Fairhill Road Village consists of thirteen buildings straddling the boundary between Cleveland and Cleveland Heights, set along the ravine that is part of the Shaker Lakes Park. The district includes five semi-detached units and three one-family dwellings. The Fairhill Road Village development was designed in an English Cotswold style to resemble an English hamlet. Varied details achieve the hamlet feeling through a variety of window treatments, including box bay windows, diamond shaped pane windows and casement windows. Pointed arch windows are found in gables, which vary in size and treatment.
The landscaping was planned by landscape architect A. Donald Gray, who had been associated with Olmsted Brothers Landscape Architects early in his career. Architect Antonio DiNardo designed the original concept for Fairhill Village but resigned in 1929; architect Harold Fullerton continued the project. Both Dinardo and Gray were early residents of the village which included other prominent Clevelanders, including the founders of Karamu House.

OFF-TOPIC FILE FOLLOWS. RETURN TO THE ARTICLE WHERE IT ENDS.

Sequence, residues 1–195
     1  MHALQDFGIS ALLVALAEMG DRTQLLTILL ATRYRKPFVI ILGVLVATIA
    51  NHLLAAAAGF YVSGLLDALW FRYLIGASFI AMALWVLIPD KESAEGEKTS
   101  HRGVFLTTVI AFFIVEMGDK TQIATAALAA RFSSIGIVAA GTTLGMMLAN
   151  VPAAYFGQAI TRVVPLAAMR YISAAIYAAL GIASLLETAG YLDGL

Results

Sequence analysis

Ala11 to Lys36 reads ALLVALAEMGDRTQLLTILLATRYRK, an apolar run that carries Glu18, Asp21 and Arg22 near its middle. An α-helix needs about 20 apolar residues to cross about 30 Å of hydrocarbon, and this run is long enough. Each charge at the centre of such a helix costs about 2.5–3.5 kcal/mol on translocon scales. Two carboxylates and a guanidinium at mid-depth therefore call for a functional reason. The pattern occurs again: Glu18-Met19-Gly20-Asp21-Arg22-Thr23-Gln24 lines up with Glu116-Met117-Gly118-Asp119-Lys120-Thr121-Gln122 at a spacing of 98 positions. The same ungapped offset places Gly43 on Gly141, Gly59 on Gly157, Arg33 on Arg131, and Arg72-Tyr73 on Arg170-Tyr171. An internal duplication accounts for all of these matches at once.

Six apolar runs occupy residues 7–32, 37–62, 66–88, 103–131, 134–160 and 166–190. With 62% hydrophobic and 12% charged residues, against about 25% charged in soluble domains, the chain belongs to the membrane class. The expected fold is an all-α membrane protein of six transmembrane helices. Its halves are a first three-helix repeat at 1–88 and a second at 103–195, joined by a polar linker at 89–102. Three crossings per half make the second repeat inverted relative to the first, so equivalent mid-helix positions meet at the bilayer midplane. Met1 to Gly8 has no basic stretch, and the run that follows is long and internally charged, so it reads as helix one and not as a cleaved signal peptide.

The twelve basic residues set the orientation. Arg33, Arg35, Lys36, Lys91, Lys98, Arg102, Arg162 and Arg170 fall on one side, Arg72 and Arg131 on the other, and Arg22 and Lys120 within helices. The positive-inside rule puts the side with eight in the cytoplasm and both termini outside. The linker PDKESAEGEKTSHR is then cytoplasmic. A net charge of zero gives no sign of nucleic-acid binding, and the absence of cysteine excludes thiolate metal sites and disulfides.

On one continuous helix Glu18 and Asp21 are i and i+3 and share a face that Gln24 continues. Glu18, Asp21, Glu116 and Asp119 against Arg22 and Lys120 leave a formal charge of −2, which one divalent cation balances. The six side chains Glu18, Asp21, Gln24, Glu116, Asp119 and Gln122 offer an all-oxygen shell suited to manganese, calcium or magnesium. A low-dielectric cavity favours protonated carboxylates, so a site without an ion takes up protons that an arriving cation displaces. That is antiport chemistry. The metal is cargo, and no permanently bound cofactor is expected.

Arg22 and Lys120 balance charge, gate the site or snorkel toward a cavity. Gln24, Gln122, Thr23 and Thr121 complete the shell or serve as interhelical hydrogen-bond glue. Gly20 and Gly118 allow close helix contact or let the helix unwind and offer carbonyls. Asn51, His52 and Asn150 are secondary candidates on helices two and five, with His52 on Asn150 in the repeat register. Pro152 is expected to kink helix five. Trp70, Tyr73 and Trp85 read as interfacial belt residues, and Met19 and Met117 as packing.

The area is accessed via Fairhill Road and the northernmost units are located in Cleveland Heights abutting beautiful Shaker Lakes parkland. Often referred to as "Belgian Village," they are a unique feature along Cleveland Heights' southernmost border.